The effects of lockdowns, rising inflation and war appear to be the leading factors behind slowing demand for PCs and tablets.
According to a new forecast from the International Data Corporation (IDC) Worldwide Quarterly Personal Computing Device Tracker, global shipments of traditional PCs will fall 8,2% year over year in 2022 to 321,2-million units.
Similarly, the forecast for worldwide tablet shipments has been lowered to 158-million units, a 6,2% decline compared to 2021.
Despite the lower forecast for 2022, PC shipments are expected to remain well above pre-pandemic levels as upcoming device refreshes, robust commercial demand, and uptake within emerging markets continue to be drivers for the industry.
And IDC expects shipments to return to positive annual growth in 2023 and beyond, although this year’s decline will result in a five-year compound annual growth rate (CAGR) of -0,6%.
Meanwhile, tablets face a larger decline over the same period as competition from PCs as well as smartphones will continue to inhibit growth, leading to a -2% CAGR.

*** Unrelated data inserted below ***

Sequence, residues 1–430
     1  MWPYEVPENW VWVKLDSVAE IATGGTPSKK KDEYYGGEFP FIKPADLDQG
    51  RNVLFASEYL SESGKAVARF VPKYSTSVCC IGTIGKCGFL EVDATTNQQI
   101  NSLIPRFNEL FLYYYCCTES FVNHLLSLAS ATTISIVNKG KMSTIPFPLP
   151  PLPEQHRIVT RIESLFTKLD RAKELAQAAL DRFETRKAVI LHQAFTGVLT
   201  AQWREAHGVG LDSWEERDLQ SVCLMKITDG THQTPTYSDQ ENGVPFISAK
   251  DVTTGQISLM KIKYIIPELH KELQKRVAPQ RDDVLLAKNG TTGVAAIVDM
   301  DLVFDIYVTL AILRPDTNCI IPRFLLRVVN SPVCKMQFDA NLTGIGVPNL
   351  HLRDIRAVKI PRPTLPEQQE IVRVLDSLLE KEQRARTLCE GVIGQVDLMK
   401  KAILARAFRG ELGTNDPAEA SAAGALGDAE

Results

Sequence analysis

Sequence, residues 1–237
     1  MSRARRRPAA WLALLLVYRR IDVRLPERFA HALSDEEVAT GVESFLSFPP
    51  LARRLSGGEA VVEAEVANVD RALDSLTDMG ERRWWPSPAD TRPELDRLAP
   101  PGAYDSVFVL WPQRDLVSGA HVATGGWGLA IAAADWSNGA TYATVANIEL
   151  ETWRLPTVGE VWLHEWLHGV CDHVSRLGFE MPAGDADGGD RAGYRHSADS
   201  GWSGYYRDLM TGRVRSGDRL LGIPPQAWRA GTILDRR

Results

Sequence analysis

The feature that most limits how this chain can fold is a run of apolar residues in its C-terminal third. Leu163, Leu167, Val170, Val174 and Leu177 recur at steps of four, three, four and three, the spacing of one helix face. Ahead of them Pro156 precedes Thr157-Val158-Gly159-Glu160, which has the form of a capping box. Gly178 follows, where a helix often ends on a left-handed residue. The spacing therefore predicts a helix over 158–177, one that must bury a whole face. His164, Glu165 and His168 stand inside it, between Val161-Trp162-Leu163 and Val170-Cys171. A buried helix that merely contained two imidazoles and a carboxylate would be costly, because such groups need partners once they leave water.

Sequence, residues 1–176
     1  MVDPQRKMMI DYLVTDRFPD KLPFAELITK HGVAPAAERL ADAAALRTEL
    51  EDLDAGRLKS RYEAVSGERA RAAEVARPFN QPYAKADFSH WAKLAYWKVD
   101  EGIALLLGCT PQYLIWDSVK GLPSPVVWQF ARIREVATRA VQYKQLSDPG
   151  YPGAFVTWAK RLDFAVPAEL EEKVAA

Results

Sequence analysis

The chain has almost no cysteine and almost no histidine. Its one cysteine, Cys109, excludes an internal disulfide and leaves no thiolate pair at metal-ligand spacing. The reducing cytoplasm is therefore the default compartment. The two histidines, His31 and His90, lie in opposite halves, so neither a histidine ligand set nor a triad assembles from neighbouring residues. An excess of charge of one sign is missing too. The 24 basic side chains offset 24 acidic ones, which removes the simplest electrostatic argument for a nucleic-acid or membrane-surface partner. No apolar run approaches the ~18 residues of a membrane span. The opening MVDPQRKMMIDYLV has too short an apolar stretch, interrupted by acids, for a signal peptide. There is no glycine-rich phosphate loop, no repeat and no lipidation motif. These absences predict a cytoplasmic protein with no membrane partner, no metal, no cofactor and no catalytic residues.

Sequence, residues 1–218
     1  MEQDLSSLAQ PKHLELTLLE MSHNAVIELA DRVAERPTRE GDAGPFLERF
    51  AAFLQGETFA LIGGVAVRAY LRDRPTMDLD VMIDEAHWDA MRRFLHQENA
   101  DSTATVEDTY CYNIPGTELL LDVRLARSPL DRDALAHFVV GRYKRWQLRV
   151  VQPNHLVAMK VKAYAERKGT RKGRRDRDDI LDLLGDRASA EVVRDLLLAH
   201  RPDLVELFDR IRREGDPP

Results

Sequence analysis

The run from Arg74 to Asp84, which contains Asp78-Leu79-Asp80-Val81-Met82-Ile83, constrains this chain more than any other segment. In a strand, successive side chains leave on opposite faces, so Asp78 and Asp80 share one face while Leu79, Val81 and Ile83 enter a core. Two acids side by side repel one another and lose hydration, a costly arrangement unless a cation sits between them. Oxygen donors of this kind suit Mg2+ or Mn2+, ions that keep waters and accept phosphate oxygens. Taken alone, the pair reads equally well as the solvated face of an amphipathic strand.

“Supply shortages have plagued the industry for a while and the recent lockdowns in parts of China continue to exacerbate the issue as factories struggle to receive new components from upstream suppliers while also facing issues downstream when it comes to shipping finished goods,” says Jitesh Ubrani, research manager for IDC Mobility and Consumer Device Trackers.
“While the restrictions are expected to ease soon, worker sentiment within the supply chain remains muted, and backlogs of deliveries will persist for the remainder of the year.”
Ryan Reith, group vice president with IDC’s Worldwide Mobile Device Trackers, adds: “On top of the compounding issues related to the pandemic, we have now added war, inflation, and ongoing China lockdowns to the equation.
“Our research continues to show strong demand and supply activity aimed at the commercial PC market, but the consumer and education markets are seeing increasing concerns and, as a result, reduced orders. The reduction in the most recent forecast was significant for many reasons, and the uncertainty remains high.”